What people think of Rick

marylin

I just wrote a review of “The Genius in Every Child” on my blog devoted to how families, schools, and communities help kids thrive. One of the commenters said, “I love the word genius because it comes from an old word that meant ‘guardian or guiding spirit’ indicating that we all come into the world with our own genius to guide us.”

amazon

This is a beautiful book and one that every human being should read. How different the world would be if all of our teachers and parents had believed (or just assumed, as Rick Ackerly wisely says we need to do) in that genius in each of us; allowed us to stay in the struggle to become our full selves; acted outside of fear, and just been with us through it all, no matter how “ugly” or “bad” we may have looked or seemed to the world.

carla

Don’t let the word “genius” in the title mislead you.  Ackerly’s book is not about children with “extraordinary intellectual power” – the definition you might find in the dictionary. He does not suggest that all children are geniuses.  Instead, Rick returns to a lesser used definition of genius: “the tutelary spirit of a person, place or institution.”

With a master’s in education from Harvard University, Rick has devoted his career to building thriving learning communities. He has served as headmaster of four independent schools and has been a consultant and coach to teachers, school leaders and parents for many years.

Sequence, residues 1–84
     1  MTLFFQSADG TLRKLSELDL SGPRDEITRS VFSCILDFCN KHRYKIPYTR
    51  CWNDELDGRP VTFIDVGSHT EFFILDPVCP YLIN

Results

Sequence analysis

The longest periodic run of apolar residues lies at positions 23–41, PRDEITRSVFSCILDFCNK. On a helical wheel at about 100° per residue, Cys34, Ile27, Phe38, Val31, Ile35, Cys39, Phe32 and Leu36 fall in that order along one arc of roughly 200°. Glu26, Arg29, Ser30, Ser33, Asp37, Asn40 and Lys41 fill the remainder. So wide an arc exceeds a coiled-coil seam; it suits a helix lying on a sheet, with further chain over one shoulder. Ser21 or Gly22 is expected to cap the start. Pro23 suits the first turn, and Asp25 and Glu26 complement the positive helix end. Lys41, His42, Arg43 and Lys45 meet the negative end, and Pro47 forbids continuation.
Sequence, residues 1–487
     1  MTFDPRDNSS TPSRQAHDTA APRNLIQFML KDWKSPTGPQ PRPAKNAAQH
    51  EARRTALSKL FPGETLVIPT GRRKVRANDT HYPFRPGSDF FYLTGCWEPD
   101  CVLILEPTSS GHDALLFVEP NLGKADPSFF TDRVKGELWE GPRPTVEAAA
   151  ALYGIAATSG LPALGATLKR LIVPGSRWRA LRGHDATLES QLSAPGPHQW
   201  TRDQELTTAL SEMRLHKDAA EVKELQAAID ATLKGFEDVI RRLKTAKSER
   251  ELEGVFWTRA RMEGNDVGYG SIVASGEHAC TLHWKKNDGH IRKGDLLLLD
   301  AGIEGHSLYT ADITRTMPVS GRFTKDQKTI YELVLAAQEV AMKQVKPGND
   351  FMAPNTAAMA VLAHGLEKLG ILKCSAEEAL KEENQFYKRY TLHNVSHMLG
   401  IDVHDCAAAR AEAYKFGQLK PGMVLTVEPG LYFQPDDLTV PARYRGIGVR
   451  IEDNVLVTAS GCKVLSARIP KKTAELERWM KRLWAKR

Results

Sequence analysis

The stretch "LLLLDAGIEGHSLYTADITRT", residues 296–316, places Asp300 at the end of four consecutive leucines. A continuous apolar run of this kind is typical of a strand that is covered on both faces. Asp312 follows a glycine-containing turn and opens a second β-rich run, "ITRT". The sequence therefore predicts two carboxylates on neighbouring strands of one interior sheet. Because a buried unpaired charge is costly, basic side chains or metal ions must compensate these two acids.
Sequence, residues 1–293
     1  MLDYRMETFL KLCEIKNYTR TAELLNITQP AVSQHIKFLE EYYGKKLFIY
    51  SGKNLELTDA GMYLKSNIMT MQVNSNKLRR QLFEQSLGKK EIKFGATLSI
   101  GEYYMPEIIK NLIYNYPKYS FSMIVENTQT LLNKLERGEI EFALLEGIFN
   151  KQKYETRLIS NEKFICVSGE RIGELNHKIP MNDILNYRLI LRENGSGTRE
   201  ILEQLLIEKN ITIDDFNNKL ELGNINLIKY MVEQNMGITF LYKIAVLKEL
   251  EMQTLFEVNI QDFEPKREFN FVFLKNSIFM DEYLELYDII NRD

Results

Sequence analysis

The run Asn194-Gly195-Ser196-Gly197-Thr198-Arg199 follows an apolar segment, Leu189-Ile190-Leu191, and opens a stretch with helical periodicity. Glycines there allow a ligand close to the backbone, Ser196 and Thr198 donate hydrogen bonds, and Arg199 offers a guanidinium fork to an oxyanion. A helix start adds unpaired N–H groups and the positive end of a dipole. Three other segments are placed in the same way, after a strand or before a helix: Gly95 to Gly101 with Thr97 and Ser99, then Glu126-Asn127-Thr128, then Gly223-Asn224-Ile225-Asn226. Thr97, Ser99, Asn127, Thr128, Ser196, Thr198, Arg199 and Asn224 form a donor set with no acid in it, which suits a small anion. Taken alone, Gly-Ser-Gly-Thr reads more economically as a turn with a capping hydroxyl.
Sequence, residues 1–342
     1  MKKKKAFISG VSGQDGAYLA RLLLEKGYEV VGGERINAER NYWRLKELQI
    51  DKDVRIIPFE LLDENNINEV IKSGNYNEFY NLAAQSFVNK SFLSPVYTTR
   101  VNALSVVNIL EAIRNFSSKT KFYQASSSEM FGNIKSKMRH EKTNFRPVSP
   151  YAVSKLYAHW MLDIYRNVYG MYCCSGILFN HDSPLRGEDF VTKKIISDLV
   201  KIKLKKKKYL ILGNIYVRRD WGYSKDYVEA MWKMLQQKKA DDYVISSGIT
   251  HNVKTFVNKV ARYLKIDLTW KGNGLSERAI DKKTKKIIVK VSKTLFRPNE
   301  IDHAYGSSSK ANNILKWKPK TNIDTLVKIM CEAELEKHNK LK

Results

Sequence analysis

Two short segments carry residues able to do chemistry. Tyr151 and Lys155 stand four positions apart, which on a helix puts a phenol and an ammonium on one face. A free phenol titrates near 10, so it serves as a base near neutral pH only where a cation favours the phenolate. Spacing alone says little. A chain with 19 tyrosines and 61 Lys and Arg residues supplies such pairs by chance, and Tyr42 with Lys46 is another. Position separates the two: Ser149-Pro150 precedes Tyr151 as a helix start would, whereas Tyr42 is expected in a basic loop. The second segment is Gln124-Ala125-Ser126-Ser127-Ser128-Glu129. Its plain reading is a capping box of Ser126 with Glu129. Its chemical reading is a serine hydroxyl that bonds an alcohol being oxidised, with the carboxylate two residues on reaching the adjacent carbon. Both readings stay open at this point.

Rick speaks to parent and school groups across the country. He also presents at numerous education conferences including the People of Color Conference, the California Association of Independent Schools, the Coalition of Essential Schools, the Symposium on Students with Learning Disabilities, Progressive Education Network, the National Association of Episcopal Schools, and the Pacific Rim Conference. He has been an active participant in the annual “Call to Action” conference sponsored by the National Association of Independent Schools’ Office on Diversity and Multicultural Education.